Design templates really come in handy when you’re on a deadline. Anything that speeds up your workflow can help you juggle your workload better. In this post I’ll show you how to make your own Sketch sitemap template, or you can download mine for your own use if you want.
Why Make Your Own Sketch Sitemap Template?
UX design is never cookie cutter. There are a zillion ways to solve design problems, and all of us work in different ways. Custom templates help you leverage your specific design strengths by using elements that you know best.
For example, call me old school, but I like to keep things simple. UX documentation like sitemaps and wireframes should be plain vanilla black and white documents with a simple font that shows a site or app’s intended content and hierarchy. Any misguided use of color or typography can confuse people and take the focus off that.
While I do use grayscale to visually demonstrate differences in hierarchy and list any notes in yellow, those are the only times I think it makes sense to use color on a sitemap.
Most templates I’ve seen use inappropriate color or font choices, which are against my simplicity rules. They also don’t number sections within the document, which is critical help teams to keep track of everything needed on a large website or application.
Make A Huge Friggin’ Page
To make your own sitemap template in Sketch, the first step is to create an oversize artboard that will accommodate an 11 x 17 printout. I rarely present sitemaps on paper anymore, but this is a great back pocket strategy in case your client requires it. Using a large artboard like this also gives you plenty of screen real estate.
So, make a new artboard, select “create custom size” and set your pixel dimensions to 2550 x 1650 pixels:
Symbols Make Life Easier
Next we’ll create a set of symbols for frequently used elements within the document. Symbols make life so much easier in Sketch, and they’re what makes this template so useful. For most of my sitemaps, I use the following elements over and over again:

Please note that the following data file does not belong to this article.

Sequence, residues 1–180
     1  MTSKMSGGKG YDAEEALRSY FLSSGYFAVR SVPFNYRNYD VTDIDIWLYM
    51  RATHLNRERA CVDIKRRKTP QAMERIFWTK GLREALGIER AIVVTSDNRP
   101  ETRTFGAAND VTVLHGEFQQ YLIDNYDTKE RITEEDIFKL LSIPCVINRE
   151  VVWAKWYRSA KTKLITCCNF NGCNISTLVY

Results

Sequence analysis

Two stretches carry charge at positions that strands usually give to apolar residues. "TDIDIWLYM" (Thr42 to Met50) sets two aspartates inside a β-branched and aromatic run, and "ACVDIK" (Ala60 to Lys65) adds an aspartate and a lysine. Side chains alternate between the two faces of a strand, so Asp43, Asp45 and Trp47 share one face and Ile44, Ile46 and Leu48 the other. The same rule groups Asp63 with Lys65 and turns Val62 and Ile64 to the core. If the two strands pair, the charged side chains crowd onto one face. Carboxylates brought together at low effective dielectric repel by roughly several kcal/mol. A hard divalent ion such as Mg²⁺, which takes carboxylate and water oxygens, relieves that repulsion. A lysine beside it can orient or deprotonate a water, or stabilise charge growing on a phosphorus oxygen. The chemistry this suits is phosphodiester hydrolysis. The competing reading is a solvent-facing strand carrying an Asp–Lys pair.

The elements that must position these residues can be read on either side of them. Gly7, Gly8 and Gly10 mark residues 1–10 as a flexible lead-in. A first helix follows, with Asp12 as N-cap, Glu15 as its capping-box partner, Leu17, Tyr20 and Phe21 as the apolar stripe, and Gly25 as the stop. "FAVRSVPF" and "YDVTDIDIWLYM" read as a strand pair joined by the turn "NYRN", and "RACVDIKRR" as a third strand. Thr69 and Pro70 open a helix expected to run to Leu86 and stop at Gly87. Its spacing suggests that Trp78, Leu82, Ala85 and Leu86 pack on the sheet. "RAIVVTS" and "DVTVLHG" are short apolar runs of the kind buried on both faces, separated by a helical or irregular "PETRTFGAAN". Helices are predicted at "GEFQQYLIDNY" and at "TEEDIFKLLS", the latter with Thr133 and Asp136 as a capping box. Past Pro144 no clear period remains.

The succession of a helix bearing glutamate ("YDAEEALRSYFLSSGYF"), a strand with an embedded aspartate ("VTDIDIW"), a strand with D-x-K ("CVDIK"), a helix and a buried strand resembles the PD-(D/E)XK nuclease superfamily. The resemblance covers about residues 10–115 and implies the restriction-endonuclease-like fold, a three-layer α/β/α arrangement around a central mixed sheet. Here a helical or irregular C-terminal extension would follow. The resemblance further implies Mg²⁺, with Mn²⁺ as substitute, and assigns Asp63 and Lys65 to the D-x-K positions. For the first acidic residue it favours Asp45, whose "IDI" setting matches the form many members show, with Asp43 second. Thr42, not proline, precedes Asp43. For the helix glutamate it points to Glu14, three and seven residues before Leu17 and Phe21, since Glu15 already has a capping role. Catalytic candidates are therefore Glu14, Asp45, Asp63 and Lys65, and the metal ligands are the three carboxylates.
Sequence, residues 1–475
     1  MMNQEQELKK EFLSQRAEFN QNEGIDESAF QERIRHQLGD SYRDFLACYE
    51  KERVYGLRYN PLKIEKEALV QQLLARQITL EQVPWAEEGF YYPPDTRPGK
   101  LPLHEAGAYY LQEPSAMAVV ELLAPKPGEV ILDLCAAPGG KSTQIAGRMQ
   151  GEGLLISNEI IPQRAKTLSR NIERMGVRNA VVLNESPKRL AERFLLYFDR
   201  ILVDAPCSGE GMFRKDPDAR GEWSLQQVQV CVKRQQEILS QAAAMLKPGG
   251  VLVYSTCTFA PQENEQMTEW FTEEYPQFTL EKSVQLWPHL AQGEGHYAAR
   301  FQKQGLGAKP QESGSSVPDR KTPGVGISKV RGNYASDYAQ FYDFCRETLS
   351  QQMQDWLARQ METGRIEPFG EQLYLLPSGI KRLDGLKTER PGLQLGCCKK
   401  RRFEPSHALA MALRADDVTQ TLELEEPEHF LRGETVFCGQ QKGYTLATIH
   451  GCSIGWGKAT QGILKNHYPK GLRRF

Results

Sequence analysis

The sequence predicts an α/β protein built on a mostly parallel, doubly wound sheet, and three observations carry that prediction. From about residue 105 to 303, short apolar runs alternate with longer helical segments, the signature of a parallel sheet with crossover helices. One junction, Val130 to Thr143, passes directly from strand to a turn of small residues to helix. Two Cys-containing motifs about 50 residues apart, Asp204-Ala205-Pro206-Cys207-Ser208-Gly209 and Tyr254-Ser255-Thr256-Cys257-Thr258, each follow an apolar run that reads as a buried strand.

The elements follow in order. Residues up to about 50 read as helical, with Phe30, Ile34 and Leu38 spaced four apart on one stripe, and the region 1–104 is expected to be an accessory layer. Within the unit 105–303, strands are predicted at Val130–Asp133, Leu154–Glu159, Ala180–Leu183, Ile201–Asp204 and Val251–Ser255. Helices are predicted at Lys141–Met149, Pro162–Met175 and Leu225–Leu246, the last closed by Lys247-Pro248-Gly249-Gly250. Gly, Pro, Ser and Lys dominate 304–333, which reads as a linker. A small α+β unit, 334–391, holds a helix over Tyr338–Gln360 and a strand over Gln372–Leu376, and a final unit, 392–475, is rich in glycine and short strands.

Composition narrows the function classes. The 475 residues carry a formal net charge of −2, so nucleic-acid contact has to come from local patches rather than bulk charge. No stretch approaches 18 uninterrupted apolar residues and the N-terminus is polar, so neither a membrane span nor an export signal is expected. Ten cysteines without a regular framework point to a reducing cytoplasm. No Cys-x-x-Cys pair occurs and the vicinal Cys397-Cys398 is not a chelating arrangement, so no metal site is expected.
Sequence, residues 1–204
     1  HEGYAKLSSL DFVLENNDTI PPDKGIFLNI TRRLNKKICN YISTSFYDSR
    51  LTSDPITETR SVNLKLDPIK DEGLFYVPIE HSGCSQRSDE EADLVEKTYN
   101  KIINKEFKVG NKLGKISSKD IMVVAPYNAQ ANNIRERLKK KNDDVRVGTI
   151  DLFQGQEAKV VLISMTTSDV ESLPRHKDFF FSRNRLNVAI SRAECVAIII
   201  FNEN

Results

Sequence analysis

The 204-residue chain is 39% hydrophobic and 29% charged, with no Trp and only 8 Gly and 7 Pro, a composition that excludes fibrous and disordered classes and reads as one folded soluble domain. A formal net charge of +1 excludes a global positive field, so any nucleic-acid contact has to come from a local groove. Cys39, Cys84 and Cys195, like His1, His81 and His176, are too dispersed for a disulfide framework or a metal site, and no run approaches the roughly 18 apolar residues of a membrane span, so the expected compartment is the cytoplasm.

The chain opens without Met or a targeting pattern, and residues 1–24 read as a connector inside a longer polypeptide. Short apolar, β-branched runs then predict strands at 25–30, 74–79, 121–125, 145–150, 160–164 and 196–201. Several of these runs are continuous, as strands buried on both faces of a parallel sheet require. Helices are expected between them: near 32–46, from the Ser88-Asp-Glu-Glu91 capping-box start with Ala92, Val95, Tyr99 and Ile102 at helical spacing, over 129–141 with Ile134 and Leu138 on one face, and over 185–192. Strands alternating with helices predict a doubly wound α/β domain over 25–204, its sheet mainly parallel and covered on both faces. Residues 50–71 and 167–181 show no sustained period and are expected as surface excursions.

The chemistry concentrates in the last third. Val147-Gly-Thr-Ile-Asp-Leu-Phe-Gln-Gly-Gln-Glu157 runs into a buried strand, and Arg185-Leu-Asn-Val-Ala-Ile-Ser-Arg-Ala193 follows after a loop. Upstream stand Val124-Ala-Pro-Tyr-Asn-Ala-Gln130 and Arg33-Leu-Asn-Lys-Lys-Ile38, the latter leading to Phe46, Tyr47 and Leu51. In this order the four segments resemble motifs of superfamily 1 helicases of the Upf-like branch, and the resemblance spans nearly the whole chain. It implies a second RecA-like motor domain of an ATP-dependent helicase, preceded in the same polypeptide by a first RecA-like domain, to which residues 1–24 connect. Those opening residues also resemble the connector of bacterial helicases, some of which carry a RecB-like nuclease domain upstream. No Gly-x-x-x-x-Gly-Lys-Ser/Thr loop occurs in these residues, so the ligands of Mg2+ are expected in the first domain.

- Global Header
- Global Footer
- Home Page
- Horizontal Lines
- Vertical Lines
- Top Level Page Boxes
- Category Page Boxes
- Sub-Category Page Boxes
- Page Stacks (for displaying multiple pages that use the same design)
So why not make symbols for each?
Grab and Go
Once you’ve got your artboard setup and your symbols in place, you’re good to go. Create a draft sitemap and save the Sketch document as a template for future use. The next time you need to make a sitemap you can start with a pre-fab document!
Most websites I’ve worked on use a hierarchy similar to the examples within the template I’ve provided, so if you decide to use it you can cut and paste to your heart’s content. Just be sure to detach the symbols if you need to rename or resize them.
Over to You
What’s your experience with pre-made Sketch templates? Do you use them, make your own, or start from scratch every time? Let me know in the comments.
Note: If you’re interested in getting better at Sketch, be sure to check out a course I recently took that helped me land a 6-month UX/UI retainer client for my freelance business. FYI, the link above is an affiliate link, which means that I’ll earn a commission at no additional cost to you if you do end up purchasing the course. If you have any questions about the course please let me know and I’ll be happy to answer them.
Download My Sketch Sitemap Template.
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